Not that long ago, we talked about lettering with LEGO, taking advantage of the new tile shapes LEGO recently added to their parts-selection (see: Lettering with LEGO Using New Tile Shapes). I can’t over emphasize how exciting these new tiles are, and how much easier they make “writing” with LEGO. In the last article, we highlighted all the different font styles LEGO fans came up with during the LEGO Lettering Contest run by New Elementary. If you are working on a project, where you need to write out words with LEGO pieces, I highly recommend checking out the entries mentioned in the previous article. 🙂
Experimenting with these new tile pieces is quite fun, and LEGO fans continue to come up with interesting ways to use them in writing out letters and symbols. Today, I wanted to show you some designs by Chris McVeigh, to give you some further ideas. Chris particularly focused on symbols that can be very useful in your own LEGO creations.
Because these tiles pieces are so new, they are not available in all colors, but there is a decent variety already. The 2×2 Macaroni Round Corner Tile is available in blue, dark-red, light-bluish-gray, magenta, yellow and pearl gold. The 1×1 Half Circle Round Tile (often used for LEGO creatures as teeth) is available in green, light-bluish-gray, medium-blue, orange, white, trans-orange, and flat-silver. The 1×1 Quarter Circle Round Tile (also referred to as pizza slice or watermelon slice) is available in black, green, light-bluish-gray, medium-azure, orange, red, tan and white, plus a number of different prints (pie, pizza, watermelon). The 4×4 Macaroni Round Corner Tile is available in dark-blue, dark-pink, light-bluish-gray, and reddish-brown. And the 2×2 Modified Square Tile with Cut Corner is available in black, dark-azure, dark-blue, dark-bluish-gray, light-bluish-gray, lime, orange and white. And of course, the older straight and round tiles are available in a great variety of colors.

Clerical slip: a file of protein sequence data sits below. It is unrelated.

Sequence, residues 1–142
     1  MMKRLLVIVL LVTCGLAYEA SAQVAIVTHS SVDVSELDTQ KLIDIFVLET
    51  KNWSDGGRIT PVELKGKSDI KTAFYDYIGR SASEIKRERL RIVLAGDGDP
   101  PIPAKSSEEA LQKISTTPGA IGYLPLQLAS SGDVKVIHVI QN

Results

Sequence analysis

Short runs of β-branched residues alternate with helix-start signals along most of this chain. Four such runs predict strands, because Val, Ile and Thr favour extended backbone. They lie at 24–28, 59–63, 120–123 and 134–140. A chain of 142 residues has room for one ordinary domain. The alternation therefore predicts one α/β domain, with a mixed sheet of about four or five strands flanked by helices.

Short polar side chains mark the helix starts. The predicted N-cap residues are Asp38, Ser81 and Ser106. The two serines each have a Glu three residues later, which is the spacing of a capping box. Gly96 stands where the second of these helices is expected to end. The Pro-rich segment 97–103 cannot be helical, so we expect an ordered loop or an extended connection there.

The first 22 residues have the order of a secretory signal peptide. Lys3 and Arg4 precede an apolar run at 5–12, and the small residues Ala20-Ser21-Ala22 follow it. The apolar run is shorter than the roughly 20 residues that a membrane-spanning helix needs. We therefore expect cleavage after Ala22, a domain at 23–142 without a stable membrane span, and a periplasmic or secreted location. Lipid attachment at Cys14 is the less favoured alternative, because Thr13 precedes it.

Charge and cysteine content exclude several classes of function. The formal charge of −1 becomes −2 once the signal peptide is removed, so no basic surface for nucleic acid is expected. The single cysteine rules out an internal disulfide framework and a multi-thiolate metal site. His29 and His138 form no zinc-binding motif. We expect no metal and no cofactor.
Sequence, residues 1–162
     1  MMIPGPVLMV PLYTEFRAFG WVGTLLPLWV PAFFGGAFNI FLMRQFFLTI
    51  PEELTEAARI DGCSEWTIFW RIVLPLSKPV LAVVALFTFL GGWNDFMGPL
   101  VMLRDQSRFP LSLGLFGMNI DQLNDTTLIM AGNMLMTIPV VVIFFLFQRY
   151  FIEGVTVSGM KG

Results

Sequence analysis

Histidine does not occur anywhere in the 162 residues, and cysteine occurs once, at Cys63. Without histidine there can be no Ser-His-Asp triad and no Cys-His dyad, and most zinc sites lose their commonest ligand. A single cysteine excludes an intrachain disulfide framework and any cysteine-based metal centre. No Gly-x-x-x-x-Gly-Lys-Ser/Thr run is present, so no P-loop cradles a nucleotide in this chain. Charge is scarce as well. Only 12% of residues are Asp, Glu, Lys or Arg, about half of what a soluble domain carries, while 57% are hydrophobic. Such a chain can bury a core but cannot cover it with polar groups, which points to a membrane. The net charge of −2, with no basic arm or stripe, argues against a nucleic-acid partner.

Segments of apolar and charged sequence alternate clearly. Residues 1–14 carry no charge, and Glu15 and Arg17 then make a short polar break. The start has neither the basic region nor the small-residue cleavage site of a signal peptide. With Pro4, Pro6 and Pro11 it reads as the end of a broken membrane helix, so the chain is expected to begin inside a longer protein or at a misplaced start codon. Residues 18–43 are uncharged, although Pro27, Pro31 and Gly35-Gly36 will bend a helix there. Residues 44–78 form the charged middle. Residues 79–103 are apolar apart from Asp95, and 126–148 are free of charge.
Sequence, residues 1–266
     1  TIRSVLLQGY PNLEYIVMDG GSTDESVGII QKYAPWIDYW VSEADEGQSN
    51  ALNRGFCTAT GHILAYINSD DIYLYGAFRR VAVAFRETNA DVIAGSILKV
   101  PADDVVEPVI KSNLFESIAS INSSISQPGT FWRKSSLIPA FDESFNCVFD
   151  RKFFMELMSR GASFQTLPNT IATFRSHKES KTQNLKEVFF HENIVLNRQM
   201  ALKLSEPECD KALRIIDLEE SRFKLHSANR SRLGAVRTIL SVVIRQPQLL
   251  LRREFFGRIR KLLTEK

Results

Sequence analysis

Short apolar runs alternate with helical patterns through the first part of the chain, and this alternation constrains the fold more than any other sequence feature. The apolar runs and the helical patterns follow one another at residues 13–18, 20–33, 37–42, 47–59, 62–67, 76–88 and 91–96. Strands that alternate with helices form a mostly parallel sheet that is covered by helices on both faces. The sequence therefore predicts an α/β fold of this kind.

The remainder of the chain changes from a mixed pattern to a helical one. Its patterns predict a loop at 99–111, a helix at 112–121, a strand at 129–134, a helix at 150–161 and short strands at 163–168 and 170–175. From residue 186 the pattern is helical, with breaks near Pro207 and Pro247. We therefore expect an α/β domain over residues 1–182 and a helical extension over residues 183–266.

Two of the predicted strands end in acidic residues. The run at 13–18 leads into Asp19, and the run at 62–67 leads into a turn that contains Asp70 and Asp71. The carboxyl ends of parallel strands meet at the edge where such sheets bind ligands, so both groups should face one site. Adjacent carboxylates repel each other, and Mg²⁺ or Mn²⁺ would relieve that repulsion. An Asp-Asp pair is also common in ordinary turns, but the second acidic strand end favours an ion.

Notice all the great curvy shapes you can achieve with the new tiles! I especially like the “tail” of the treble clef. Also, even though the tiles are still limited in color, by using different color plates for background, you can greatly increase the possibilities. I don’t know how many more letters and symbols Chris is planning to make, but if you are interested, you can check his flickr gallery for updates.
What do you think? How do you like these LEGO lettering examples? Do you have some favorites? Have you experimented with the new tile pieces yet? Which parts do you find the most useful? Feel free to share in the comment section below! 😉
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